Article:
That notwithstanding, Cameroun easily cruised into the Cup quarters and were well on their way to eliminating England and making the cup semis but for some atrocious refereeing decisions that saw England awarded two penalties.
FIVE WORLD CUPS
Let me end by giving a very telling statistic. At the last five World Cups, beginning with Japan/Korea 2002 and including Russia 2018, African teams have played 82 matches, drawn 19, lost 48 and won only 15. A win ratio of only 19 pc!
Until the disconnect between the social and business side of football is bridged significantly by African federations, not only will the above statistics not be improved upon; but Africa will continue to be represented at the World Cup by brilliant individual players, and not well drilled cohesive teams.
And the consequences will, of course, continue to be Africa’s failure to progress to the business end of the competition.
As the old adage goes, ‘to fail to plan is to plan to fail”!
The writer is a freelance journalist
As we sat populating cyberspace with social media messages during the launch, I could tell that the National Land Use Policy was getting confused for the National Land Policy.
The National Land Policy is contained in Sessional Paper No 3 of 2009, while the Sessional Paper No 1 of 2017 carries the National Land Use Policy. The two are as different as our Constitution and its enabling laws!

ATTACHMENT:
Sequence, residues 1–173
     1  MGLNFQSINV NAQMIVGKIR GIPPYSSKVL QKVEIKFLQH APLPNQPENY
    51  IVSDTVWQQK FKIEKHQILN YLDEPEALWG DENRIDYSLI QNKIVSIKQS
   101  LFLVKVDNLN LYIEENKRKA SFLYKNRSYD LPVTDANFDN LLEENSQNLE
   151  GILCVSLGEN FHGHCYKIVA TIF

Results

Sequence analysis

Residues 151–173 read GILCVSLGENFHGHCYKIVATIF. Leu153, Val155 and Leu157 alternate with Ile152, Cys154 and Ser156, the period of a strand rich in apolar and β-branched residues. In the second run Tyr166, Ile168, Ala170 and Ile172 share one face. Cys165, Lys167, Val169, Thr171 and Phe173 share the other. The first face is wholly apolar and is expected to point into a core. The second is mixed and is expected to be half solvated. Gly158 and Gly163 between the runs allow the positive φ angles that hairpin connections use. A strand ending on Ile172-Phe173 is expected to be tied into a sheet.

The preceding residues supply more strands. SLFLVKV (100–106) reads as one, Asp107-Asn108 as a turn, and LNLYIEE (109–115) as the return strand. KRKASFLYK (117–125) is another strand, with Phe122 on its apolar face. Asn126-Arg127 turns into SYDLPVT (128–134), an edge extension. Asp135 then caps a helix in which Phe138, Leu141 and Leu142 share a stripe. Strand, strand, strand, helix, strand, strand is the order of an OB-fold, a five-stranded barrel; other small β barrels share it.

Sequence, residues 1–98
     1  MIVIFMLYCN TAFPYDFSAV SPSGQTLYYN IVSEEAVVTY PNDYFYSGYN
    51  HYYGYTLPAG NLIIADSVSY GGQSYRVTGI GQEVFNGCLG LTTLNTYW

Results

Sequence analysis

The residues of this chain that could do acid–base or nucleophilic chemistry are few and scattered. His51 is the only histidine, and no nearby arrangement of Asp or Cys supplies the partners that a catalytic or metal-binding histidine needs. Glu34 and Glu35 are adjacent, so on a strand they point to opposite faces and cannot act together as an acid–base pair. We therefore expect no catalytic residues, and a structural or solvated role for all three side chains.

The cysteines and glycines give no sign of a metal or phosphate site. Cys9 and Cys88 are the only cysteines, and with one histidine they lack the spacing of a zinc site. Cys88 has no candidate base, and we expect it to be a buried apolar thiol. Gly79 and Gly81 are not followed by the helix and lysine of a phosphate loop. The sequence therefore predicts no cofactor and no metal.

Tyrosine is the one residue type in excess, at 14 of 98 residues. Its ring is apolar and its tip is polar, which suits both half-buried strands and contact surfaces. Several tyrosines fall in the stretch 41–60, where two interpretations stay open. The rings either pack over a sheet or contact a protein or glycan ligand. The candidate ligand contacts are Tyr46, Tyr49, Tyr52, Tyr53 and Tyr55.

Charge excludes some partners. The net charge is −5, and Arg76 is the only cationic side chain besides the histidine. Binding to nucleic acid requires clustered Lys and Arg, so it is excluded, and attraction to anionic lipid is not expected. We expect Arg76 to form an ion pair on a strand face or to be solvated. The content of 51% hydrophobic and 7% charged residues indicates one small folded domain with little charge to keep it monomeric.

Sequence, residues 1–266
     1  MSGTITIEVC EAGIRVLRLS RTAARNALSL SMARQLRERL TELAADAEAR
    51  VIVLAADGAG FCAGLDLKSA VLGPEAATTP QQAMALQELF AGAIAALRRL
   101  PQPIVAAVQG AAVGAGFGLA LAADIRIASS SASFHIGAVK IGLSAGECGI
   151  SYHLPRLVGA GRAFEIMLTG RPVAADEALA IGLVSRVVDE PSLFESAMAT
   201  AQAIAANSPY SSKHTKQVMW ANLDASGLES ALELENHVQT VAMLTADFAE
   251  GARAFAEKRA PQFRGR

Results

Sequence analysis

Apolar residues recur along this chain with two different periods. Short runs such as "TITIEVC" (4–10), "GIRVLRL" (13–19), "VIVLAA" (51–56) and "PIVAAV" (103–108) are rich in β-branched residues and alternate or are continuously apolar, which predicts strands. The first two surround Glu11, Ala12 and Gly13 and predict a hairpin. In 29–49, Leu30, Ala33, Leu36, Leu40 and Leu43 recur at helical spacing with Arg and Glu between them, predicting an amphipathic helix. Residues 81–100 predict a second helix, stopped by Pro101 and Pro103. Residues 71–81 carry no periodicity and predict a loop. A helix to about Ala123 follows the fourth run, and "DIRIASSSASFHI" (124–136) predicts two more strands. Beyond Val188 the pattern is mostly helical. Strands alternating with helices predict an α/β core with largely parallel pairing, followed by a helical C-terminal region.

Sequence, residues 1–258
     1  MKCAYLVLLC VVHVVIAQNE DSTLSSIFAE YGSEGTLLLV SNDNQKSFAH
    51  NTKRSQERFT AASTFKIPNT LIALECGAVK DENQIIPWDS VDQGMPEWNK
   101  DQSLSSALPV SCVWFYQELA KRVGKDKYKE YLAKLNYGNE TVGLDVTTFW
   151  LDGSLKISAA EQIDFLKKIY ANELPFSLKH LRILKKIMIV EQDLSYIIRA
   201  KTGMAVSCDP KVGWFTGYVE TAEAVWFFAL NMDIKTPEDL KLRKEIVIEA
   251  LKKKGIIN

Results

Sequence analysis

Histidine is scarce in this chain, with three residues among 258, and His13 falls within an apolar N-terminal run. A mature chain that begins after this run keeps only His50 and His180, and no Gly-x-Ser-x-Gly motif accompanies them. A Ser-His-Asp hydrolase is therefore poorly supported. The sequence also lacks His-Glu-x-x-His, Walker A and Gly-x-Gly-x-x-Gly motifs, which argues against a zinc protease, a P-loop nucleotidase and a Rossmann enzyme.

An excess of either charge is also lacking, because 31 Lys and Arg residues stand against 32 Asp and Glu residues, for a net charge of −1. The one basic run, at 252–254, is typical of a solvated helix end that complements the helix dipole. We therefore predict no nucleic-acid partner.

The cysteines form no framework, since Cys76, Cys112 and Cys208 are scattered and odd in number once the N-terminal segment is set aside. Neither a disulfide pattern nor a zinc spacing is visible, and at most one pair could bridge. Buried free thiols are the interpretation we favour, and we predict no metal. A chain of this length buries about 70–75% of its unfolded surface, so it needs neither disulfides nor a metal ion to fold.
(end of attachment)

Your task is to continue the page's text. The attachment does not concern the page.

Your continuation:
The National Land Policy provided for the formulation of a national land use policy, which sets the framework for land use management in Kenya.
Its scope is limited to land use, while the land policy embraces the much wider spectrum of land and related sub-themes. The absence of a land use policy has resulted in haphazard urban and rural development by competing land use needs.
The launched land use policy incorporates measures and principles to guide all activities that impact on the use of land and land-based resources. It identifies and profiles all major land uses within the country.
Agriculture, one of the key uses, contributes about 30 per cent of Kenya’s GDP, while also providing livelihoods to over 80 per cent of the population.